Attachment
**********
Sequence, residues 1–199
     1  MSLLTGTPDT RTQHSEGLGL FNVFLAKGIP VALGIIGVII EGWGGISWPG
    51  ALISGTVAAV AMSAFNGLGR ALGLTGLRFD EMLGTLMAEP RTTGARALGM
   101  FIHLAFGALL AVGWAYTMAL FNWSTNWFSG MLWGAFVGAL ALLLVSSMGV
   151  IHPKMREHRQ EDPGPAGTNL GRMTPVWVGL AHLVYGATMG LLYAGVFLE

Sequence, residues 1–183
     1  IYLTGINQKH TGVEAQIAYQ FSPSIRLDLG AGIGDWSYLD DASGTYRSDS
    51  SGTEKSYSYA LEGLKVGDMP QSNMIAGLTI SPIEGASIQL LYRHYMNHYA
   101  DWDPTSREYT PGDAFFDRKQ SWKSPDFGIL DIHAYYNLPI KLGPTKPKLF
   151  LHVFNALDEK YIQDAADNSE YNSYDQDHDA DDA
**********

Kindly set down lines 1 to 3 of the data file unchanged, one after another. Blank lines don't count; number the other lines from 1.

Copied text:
Sequence, residues 1–199
     1  MSLLTGTPDT RTQHSEGLGL FNVFLAKGIP VALGIIGVII EGWGGISWPG
    51  ALISGTVAAV AMSAFNGLGR ALGLTGLRFD EMLGTLMAEP RTTGARALGM